It’s Not Too Late! Seven Tips Special Education Teachers Can (Still) Do for a Great Start to the School Year

The start of a new school year always seems to bring the promise of a new beginning, a chance to have a clean slate, and a chance at not returning to old habits.  We all want success in school: teachers, students, parents, administrators.  We all also want a smooth beginning with no bumps in the road.  A key to a smooth start to the school year is advanced preparation.  But if you could not get to these things over the summer, START NOW or put these in your tickler file for next year. Begin thinking now about what needs to be done differently. Then make your plan and IMPLEMENT!

As a special education teacher who teaches in a pull-out resource model, a more self-contained model, a co-teaching model or some other combination, consider these seven tips to promote a positive and successful start to the new school year even if it’s a few weeks after school has begun.  It’s still early to get a great start and make it a GREAT YEAR!!

Seven Tips to Success

  1.  Know your core content!  Continually review the standards of Common Core or your standardized curriculum in each subject area that you will teach your students this year.  Be very familiar with the content to be taught and your understanding of it. This gives you deeper understanding of grade level expectations and additional credibility with general education teachers.
  2. It is certainly not too late to prepare a Student Profile Sheet © or similar document for each student with disabilities on your caseload.  You will find this to be a quick summary of the IEP and key psychological learning components.  This profile sheet can be used by any teacher who teaches the student with disabilities as a quick reference for instructional planning.  Keeping your copy nearby can also be your resource to underscore needed accommodations to others, reevaluation due dates, and more.  Use the summary as a key guide for paraeducators or paraprofessionals who support certain students.
  3. Refine your teaching focus.  The year has begun and you have an idea of co-teaching and/or general education pacing of content, areas of emphasis for assessment and learning, your strength in a core content area, accommodating for students’ strengths and weaknesses, learning strategies to teach, test taking strategies to encorporate, etc.  Few teachers are all things to all learners.  Be sure to give students the very best of your specialty focus area and know where that fits in the curriculum.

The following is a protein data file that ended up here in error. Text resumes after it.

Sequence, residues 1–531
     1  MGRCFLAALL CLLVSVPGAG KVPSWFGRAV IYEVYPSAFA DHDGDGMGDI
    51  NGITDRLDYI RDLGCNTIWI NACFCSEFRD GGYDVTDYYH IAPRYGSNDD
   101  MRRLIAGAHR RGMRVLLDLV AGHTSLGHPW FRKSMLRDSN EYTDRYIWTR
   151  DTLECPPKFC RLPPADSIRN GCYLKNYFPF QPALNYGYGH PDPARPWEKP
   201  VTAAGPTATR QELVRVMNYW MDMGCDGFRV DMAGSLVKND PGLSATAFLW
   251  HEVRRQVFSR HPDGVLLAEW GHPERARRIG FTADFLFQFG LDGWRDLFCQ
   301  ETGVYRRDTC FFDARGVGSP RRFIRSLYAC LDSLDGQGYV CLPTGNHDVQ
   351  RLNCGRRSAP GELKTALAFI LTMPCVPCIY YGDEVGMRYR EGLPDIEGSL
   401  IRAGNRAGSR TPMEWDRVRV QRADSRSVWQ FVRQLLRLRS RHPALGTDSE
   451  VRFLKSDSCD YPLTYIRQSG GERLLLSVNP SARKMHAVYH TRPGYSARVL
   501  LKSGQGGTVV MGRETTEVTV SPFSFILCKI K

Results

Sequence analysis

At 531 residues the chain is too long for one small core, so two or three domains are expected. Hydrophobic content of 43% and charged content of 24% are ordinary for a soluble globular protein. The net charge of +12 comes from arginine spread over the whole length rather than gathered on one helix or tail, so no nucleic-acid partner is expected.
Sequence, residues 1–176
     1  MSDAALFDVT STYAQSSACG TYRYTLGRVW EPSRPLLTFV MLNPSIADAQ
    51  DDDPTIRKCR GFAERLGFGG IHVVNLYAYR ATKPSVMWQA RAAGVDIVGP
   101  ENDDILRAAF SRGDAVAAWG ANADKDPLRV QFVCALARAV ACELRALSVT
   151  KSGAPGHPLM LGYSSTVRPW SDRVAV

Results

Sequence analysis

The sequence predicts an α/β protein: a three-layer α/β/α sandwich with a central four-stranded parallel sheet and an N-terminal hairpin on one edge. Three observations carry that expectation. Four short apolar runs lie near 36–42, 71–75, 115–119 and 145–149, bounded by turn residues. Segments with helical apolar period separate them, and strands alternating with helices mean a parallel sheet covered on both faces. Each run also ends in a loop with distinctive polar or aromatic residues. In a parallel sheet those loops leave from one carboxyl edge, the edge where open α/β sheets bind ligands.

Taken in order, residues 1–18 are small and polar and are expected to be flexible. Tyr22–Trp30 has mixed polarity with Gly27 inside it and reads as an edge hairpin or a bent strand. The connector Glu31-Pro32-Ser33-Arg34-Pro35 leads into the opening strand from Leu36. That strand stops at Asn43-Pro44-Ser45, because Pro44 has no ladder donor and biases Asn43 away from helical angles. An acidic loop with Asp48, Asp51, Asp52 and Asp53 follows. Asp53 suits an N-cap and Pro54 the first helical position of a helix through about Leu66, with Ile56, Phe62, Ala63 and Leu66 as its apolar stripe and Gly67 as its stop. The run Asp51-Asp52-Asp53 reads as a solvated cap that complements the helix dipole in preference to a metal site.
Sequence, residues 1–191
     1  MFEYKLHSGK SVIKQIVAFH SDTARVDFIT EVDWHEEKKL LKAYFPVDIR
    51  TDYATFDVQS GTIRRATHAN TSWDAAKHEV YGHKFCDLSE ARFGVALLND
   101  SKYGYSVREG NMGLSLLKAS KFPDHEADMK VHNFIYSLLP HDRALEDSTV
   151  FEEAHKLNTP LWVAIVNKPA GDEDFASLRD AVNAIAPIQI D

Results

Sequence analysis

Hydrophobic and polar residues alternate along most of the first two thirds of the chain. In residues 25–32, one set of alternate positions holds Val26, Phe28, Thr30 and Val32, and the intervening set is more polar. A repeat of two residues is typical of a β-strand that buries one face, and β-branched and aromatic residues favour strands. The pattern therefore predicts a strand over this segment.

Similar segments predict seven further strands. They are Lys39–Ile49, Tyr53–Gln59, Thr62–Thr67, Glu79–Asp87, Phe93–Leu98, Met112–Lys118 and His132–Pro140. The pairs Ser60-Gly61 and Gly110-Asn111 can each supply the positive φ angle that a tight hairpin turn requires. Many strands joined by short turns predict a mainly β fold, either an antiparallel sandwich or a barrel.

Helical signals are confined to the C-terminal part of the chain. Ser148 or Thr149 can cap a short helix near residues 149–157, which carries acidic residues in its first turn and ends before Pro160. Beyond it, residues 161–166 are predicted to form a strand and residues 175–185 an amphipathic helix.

4. Continue gathering possible materials for use during the year based on your knowledge of student needs, the core academic area(s), and your specialty focus area.  Make multiple copies of things regularly used and keep a file box ready to go. Your box may include frequently used reference materials, student data sheets or even extra office supplies that always seem to disappear.
  5. Whether you are co-teaching or in a classroom by yourself or with a paraprofessional, by now you may of experimented with several teaching arrangements that you are comfortable with, grouping arrangements in your classroom, and/or key classroom procedures you are confident encourage success. While more than two options should be used, get comfortable with a couple of arrangements, and then expand.
  6. Refine the methods of communication you devised the first week or two for communication with other teachers and the parents of your students.  Using regular and informative two way communication can avert problems, help with solving challenges, encourage partnerships and so much more.  Colleagues and parents who trust that you are willing to share information on a regular basis see your collaborative nature and, many times, are encouraged to follow suit.
  7. This last tip is a two parter. If you have not sent a “Welcome Letter” to your parents and students, consider sending a letter now. Reinforce your continued excitement and provide updates on changes, revised schedules, etc. Depending on their age and maturity levels, continue using language easy for your students to understand.  Reassure parents and students that you are their partner in learning and the journey this year will be yours together as a team.  Use words that reinforce your just right message.  You will be amazed how much this follow up will mean to your students and their parents, especially as a reinforcement of your original message if you sent one. Multiple messages help the disorganized student and the disorganized home.

Part 2 of this last tip involves taking a picture of your classroom, student schedule, some details of a typical day and sending this home to reinforce your routines and schedules.  For students who have a hard time learning new routines and transitions, these follow-up communications send the message that you are flexible.  For students and families, your letter, pictures of the classroom, routine reminders, etc. at home can do wonders to help your students get off to a great start, along with their soon to be favorite teacher: YOU!